Flu cases rise in Mumbai as rains continue

In a week, flu cases have risen by 432; doctors say fluctuations in weather are causing the spurt

Erratic rains are playing havoc with the health of Mumbaikars. While flu cases are on the rise, so are diseases such as malaria and dengue.

As per BMC data, there were 2,327 cases of fever in the second week of September, as compared to 1,895 fever cases in the first week an increase of 432 cases. City doctors said that fluctuations in weather tend to cause an increase in the number of flu cases.

Along with flu, malaria and dengue have also been on the rise. From the first week of September to the second, BMC figures show malaria cases have risen by 54, while dengue cases have increased from 33 to 35. Gastroenteritis cases have also shot up from 151 to 201.

Dr Om Srivastav, head of the infectious diseases department at Jaslok Hospital, said that in the last one week itself, there has been an increase in the number of dengue, typhoid and leptospirosis cases due to the unpredictable rainfall. “I have had to hospitalise four patients diagnosed with dengue, and in the OPD, I treated another six patients.

Since the first week of September, we have also had five cases of viral illnesses ranging from upper respiratory tract infection to high fever and diarrhoea. There is no reason for these monsoon ailments to continue, as we are nearing the end of the season. But given the unpredictability of these diseases, we can only wait and watch,” said Srivastav.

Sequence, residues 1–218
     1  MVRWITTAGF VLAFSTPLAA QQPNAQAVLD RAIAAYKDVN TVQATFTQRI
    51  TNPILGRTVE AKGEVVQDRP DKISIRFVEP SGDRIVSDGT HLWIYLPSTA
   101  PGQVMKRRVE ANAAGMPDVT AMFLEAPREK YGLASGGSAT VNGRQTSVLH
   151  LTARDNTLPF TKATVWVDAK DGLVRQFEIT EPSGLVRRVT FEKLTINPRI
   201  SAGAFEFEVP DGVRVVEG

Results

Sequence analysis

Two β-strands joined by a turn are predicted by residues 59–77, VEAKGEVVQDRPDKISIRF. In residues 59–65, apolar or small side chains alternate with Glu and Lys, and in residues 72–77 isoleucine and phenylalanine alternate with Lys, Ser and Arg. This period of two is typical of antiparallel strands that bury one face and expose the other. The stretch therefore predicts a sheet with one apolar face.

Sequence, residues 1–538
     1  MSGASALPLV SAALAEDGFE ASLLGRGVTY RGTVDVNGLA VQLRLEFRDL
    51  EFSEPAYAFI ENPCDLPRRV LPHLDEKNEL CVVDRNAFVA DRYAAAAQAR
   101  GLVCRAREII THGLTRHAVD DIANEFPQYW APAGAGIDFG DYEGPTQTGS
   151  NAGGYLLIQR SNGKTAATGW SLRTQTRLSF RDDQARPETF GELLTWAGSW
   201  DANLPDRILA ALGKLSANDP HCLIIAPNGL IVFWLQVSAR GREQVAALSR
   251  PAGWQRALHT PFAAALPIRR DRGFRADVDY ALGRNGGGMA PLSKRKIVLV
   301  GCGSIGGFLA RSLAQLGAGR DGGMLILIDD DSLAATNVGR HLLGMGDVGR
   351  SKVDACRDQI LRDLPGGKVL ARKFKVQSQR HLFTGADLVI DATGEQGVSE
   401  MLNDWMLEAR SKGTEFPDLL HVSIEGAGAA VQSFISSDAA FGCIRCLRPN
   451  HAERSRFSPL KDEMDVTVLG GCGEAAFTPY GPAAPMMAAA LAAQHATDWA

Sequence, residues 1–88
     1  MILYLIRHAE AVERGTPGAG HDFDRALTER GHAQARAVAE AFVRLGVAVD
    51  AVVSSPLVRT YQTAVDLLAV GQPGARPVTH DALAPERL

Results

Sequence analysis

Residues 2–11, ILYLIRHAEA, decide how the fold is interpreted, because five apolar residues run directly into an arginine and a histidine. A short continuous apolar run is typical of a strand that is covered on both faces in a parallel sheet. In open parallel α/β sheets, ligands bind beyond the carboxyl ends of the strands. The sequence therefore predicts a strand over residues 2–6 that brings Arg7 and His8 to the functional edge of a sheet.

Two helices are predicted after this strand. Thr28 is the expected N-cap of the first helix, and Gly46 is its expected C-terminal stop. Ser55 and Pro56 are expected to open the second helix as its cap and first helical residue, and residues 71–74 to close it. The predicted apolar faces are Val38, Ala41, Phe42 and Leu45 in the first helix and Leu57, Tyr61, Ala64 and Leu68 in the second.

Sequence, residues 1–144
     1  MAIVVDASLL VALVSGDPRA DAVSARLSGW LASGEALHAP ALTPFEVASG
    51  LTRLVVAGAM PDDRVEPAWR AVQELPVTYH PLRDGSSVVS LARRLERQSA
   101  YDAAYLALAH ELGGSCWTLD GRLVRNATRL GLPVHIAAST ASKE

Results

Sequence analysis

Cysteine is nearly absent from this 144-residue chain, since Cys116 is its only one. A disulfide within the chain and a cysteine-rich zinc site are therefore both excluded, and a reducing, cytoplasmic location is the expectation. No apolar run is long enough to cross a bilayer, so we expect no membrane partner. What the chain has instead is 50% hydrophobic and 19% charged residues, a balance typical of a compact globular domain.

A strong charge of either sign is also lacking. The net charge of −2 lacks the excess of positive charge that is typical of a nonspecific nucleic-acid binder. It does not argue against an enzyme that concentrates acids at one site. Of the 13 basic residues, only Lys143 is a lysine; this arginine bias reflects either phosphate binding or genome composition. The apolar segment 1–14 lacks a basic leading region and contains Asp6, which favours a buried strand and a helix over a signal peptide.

Rains likely to stay
The rains are also likely to stay for another week, though we are nearing the end of September. Officials from the regional meteorological department say that the monsoon has not yet withdrawn, as there is still some local wind activity.

“It is difficult to say when the monsoon will finally withdraw from the city, as we will get some indication only three to four days prior to it,” said V K Rajeev, director of the India Meteorological Department (IMD). He added that due to moisture in the air, the rainfall has been erratic in different parts of the island city.

This year, in July, Mumbai witnessed the heaviest rainfall (1,547.5mm) since the last 55 years, after little or no rainfall in June. Since then, heavy rainfall has continued to lash the city. So far, this year, the total rainfall received is 2,134.7 mm with 12 mm in the last 24 hours in Mumbai.

The minimum temperature on Sunday was 23.7° Celsius in Santacruz and 23.9° Celsius in Colaba. The maximum temperature was 30° Celsius and 30.4° Celsius respectively. The humidity was as high as 98 per cent in Colaba and 96 per cent in Santacruz. Rajeev said temperature fluctuations are expected due to erratic rainfall.

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